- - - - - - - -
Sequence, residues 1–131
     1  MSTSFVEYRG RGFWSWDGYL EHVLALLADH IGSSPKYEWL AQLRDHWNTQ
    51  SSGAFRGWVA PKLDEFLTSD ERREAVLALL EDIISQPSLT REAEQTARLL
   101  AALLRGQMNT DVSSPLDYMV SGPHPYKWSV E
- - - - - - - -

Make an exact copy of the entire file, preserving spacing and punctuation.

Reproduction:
Sequence, residues 1–131
     1  MSTSFVEYRG RGFWSWDGYL EHVLALLADH IGSSPKYEWL AQLRDHWNTQ
    51  SSGAFRGWVA PKLDEFLTSD ERREAVLALL EDIISQPSLT REAEQTARLL
   101  AALLRGQMNT DVSSPLDYMV SGPHPYKWSV E